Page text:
Up until now, Google Apps users were limited to a small subset (Mail, Calendar, Docs, Chat and Sites). This also meant if you wanted to access non-App applictions, you had to have a separate Google account, though it could have the same name as your Google app account.
This change is a good thing in that now the one account will be used to log in to both the App services as well as the other applications.
If you have a Google account with the same name as your Google Apps account, the non-Apps account will be renamed so that it is now unique. Any services/applications that were attached to the non-App account will remain with with that account.
So while all the services that I used to access with my old Google account are still there, they are now attached to the renamed account instead.
One thing that is helpful in the interim is Google have recently added the ability to switch between multiple accounts (Windows Live IDs have had this for some time), however I'd prefer to have all my services under the same account. Unfortunately there is no automated migration path to transition application settings between accounts.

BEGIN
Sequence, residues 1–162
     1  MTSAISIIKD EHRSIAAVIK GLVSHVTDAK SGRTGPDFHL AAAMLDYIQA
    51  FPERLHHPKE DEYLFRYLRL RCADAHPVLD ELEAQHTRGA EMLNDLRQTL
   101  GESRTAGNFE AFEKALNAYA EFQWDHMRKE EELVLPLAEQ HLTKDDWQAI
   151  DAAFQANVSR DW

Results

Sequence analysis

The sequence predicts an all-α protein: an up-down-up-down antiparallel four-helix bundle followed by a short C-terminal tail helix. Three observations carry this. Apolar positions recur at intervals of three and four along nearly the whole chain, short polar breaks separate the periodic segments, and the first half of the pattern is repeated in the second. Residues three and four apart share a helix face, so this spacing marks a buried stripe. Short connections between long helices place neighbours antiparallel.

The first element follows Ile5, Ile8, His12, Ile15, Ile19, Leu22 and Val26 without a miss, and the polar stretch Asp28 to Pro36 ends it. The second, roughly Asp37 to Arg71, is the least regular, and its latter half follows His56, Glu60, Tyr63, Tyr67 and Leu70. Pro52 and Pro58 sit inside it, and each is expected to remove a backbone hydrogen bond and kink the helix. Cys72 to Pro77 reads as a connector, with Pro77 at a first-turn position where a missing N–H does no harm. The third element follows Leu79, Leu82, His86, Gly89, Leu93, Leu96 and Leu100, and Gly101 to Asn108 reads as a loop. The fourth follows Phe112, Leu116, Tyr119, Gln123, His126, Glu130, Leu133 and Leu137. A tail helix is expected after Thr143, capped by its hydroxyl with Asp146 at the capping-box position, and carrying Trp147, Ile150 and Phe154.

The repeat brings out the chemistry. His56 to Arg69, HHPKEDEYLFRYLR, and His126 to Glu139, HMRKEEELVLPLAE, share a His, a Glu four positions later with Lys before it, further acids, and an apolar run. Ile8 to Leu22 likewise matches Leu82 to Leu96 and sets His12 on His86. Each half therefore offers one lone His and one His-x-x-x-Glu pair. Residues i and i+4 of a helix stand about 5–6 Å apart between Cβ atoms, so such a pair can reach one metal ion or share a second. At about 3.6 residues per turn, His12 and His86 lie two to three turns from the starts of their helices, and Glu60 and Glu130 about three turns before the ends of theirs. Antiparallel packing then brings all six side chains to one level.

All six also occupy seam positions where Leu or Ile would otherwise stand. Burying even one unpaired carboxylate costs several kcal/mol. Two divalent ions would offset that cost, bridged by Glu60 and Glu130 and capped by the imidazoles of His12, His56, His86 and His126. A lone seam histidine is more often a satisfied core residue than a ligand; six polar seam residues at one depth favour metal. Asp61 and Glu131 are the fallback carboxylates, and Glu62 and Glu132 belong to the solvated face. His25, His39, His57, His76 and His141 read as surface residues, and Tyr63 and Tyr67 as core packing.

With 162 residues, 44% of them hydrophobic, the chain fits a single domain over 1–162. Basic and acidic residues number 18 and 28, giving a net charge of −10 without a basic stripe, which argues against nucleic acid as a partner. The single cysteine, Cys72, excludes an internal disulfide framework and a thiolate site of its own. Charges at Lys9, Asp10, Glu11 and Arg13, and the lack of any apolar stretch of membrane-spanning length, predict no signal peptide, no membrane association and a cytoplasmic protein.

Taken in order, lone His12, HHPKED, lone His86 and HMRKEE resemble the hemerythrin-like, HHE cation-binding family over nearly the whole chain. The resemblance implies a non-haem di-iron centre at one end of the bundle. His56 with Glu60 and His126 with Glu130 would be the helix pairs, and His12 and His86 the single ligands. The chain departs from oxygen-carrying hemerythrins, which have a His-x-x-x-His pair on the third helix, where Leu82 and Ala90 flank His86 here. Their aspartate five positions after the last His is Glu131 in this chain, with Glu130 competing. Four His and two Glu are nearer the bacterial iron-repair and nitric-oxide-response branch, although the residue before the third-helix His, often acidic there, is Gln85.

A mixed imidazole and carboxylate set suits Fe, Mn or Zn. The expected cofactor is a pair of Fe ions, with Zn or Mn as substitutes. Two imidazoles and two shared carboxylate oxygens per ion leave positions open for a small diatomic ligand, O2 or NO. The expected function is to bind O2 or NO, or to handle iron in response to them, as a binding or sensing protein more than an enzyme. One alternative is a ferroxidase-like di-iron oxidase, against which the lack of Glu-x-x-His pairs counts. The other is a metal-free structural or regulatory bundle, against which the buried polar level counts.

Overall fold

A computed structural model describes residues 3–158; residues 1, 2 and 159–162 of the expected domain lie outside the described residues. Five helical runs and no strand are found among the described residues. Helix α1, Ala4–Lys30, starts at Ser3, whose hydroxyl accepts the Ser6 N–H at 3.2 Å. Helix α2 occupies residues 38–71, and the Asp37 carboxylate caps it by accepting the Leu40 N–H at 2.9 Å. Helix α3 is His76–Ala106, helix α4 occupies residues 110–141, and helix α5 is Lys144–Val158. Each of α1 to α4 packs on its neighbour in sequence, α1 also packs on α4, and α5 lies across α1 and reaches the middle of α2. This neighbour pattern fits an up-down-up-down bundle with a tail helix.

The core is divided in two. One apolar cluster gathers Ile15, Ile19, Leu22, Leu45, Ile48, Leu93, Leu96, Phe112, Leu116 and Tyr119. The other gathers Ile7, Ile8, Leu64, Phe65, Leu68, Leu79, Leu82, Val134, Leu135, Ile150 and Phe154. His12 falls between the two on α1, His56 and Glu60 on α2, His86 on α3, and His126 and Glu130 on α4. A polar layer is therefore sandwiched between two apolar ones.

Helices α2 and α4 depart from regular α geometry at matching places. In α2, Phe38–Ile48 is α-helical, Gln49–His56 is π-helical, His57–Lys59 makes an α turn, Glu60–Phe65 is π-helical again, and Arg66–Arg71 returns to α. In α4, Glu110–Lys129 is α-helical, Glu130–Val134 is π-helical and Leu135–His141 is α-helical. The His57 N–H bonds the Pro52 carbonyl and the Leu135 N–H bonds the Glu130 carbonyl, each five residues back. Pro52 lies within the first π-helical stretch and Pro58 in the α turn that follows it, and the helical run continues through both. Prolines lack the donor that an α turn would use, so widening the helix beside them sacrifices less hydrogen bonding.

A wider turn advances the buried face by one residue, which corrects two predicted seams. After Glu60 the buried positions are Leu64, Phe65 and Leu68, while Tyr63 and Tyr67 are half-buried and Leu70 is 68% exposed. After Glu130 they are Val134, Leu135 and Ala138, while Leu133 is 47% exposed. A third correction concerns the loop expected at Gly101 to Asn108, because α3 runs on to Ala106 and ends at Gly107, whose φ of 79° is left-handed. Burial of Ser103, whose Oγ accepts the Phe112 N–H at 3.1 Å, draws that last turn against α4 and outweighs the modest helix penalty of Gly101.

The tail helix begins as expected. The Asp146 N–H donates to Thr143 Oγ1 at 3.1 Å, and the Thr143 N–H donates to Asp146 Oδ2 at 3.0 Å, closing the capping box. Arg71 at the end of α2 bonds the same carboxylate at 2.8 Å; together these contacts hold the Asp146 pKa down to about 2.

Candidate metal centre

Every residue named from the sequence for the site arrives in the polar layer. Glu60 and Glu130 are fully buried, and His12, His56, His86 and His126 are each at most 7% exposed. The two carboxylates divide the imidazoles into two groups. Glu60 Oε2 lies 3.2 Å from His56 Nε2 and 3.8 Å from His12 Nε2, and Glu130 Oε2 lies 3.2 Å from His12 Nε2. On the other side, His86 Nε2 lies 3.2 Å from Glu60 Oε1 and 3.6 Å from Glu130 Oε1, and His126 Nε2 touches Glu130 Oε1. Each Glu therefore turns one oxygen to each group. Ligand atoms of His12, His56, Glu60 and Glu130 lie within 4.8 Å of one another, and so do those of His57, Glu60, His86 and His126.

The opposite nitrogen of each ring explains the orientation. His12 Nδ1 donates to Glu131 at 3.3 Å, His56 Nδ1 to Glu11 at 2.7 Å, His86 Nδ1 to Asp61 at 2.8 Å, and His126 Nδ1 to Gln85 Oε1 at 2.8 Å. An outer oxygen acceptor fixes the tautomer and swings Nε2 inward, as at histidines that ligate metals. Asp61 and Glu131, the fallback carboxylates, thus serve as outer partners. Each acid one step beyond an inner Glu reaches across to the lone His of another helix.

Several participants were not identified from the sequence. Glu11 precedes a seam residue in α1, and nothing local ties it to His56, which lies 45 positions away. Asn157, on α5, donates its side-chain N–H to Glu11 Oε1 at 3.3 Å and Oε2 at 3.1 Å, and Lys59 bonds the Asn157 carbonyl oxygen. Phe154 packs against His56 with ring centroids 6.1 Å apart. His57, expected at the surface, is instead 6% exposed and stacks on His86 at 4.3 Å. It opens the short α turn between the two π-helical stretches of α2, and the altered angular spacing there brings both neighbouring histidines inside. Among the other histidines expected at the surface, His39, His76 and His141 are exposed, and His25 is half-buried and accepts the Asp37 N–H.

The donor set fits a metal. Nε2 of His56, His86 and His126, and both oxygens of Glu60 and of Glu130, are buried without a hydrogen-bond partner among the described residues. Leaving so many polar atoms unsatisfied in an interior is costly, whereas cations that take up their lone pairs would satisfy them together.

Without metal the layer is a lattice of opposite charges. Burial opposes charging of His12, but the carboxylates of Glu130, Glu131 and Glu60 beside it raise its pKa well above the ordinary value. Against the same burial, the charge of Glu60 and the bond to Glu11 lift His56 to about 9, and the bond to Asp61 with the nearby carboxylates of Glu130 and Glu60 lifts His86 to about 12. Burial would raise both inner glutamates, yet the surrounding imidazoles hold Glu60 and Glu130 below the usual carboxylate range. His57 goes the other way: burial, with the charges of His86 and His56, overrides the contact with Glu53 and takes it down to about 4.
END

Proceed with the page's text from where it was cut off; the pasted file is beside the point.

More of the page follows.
The only solution is to manually move settings over. eg. For Reader, export my feeds to an OPML file then import them (which is fine for feeds but doesn't migrate your "shared items" nor the "people you follow"). For other services like Blogger, Google Groups and Google Code, you need to re-register with the new account.
All this is a pain for me, but the other tricky part is that I'm not the only person using my domain. Google does tell me that there are other family members who are in a similar situation but for privacy reasons they won't tell me exactly who or what those users are. I'll have to wait for them to contact me so I can help them out. At least my domain just has a few users – this is going to be a much larger job for enterprise customers!